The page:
We went to the Foreign Office, and there found Zalkind (who was for a time assistant Commissary for Foreign Affairs, and afterwards was sent as Russian Minister to Berne) in his room, which was just as you saw it, if not worse. Zalkind was half dressed, his hair wanted combing, the room was like a lumber room. The sofa where he slept was still like the nest of a wild beast. The big table with its red felt top was dusty and piled with papers, and inkpots which had been used for ash trays, and glasses with the dregs of coffee in them, and old bits of bread from the day before.
There were half a dozen people in the room, and Zalkind took the note I had brought him from Trotsky, read it aloud, and said, pointing at me, "We have destroyed secret diplomacy and come to that." I did not like his manner. He told me to find the sailor Markin who knew where everything was. Then I met a very neatly dressed sailor.
Markin was not at all so anxious to look proletarian in the first days as he was later. Then he was dressed very carefully in a neat uniform, and his beard properly trimmed. Markin had very little education, but had a most amusing way of saying 'surprising', 'extraordinary' and 'astonishing', not like most people say those words, but as if they were newly forced out of him by his real feeling of the sensations that they suggest. In those days he was very elegant. He took me to the room where I afterwards went to live, where we found the machine we wanted, and a table and some good chairs, all of which I took back with me to the Smolny, so that next day room 67 was already a place where it was possible to work.
The rear of room 67 was screened off as a private quarter for Trotsky. In this room one day, there was a young girl with hair cut short like a boy. She was sitting at the table doing nothing, and afterwards went with me to the refectory downstairs. This was a big barrack of a room with sawdust and spilt soup all over the floor, and bare tables. You bought tickets at a side table, and then took your place in a long queue, and when your turn came, received a bowl of soup, very hot, and, as you passed by grabbed a wooden spoon out of a basket. The soup was very hot, the plates very deep, and the spoons so large that sometimes it was impossible to get the soup into them at all. Then there was dark coloured tough macaroni, which I did not know how to eat. I could not pick it up on the big wooden spoon, and I did not see where forks were to be had. Most of the soldiers sitting about were eating with their fingers. A few had forks, but I thought they had brought them with them, and decided to bring a fork myself next time. I asked the short haired girl what work she did, and she answered that she did no work at all. I said I thought that was bad, but she explained that she was Trotsky's daughter, and was studying. She was about sixteen, very like Lev Davidovitch, with fine eyes, and a rather malicious expression. Trotsky has been married twice, and this was one of the children of his first marriage.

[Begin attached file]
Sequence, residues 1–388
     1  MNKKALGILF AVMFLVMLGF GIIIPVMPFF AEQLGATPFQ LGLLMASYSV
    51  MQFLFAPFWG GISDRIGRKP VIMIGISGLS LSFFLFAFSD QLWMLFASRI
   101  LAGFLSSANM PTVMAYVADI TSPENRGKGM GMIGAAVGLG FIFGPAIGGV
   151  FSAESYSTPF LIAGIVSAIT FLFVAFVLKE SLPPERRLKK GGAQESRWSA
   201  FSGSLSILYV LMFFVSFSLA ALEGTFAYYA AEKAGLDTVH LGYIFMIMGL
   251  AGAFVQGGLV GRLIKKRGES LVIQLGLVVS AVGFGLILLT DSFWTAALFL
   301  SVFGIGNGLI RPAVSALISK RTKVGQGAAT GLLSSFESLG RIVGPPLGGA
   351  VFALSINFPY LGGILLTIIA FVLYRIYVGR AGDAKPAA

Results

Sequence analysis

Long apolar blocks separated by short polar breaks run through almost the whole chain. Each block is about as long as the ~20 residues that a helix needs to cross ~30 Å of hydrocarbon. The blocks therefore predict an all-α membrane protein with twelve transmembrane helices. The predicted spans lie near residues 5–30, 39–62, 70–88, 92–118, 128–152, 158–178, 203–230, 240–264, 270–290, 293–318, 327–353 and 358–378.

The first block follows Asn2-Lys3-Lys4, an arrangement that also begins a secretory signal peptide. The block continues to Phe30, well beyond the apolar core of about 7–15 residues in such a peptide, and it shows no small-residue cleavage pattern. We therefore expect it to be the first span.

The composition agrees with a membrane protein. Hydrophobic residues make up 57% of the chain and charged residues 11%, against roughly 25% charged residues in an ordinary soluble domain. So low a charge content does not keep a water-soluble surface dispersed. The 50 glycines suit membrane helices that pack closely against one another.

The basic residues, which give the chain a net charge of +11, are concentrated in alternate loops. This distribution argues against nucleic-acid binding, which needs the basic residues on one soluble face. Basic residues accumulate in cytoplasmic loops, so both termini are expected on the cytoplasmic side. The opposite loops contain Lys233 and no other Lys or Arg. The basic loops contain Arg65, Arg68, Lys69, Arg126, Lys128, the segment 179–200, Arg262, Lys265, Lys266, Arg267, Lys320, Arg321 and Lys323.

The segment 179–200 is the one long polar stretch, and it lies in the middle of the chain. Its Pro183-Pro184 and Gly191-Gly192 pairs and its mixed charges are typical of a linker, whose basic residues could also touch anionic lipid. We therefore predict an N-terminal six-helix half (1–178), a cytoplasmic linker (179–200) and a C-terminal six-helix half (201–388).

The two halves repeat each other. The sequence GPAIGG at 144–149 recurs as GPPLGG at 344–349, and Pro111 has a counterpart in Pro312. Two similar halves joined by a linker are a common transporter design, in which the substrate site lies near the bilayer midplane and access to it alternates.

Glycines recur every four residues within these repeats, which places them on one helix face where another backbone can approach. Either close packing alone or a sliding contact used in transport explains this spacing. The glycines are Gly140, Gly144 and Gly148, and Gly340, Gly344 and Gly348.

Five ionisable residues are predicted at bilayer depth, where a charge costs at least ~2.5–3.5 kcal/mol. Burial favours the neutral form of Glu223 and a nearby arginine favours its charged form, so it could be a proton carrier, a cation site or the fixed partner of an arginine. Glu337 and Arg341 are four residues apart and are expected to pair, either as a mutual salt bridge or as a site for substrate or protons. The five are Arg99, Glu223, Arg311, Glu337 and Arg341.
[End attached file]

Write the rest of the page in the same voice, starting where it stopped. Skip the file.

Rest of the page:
Downstairs in the refectory there was a woman serving out food. I think she had served there in the time when Smolny was still an institute for girls, and she was always thinking of old times, and comparing the comrades with the noble young ladies whose places they had taken.
At first I did not know how to talk to Trotsky. I thought of him as of someone so great, and so high, all of whose time was given to the work. It was almost a shock to me to find that he had a daughter. I did not think of him having any human relations at all. I did not know how to address him. Once only I called him Comrade Trotsky. It came out very funnily, and he immediately called me Comrade Shelepina, and we both laughed. After that I always called him Lev Davidovitch, and he called me Evgenia Petrovna.
I with my long training in a Ministry under the old regime, was offended somehow, for the dignity of the Ministry, when I found Trotsky himself taking thought about the arrangement of his room. This table was to be in that place, and this chair here. It seemed to me that there ought to be a whole corps of people to think of all these things, and that Trotsky should have no attention to spare for such matters. I always remember the affair of the phonograph. He asked me if I could write shorthand. I was terribly ashamed because I could not. He said, "In the Ministry of Foreign Affairs there is a phonograph. We will use that." So I went off to the Ministry and found Markin, and after a long hunt we found the phonograph and brought it back.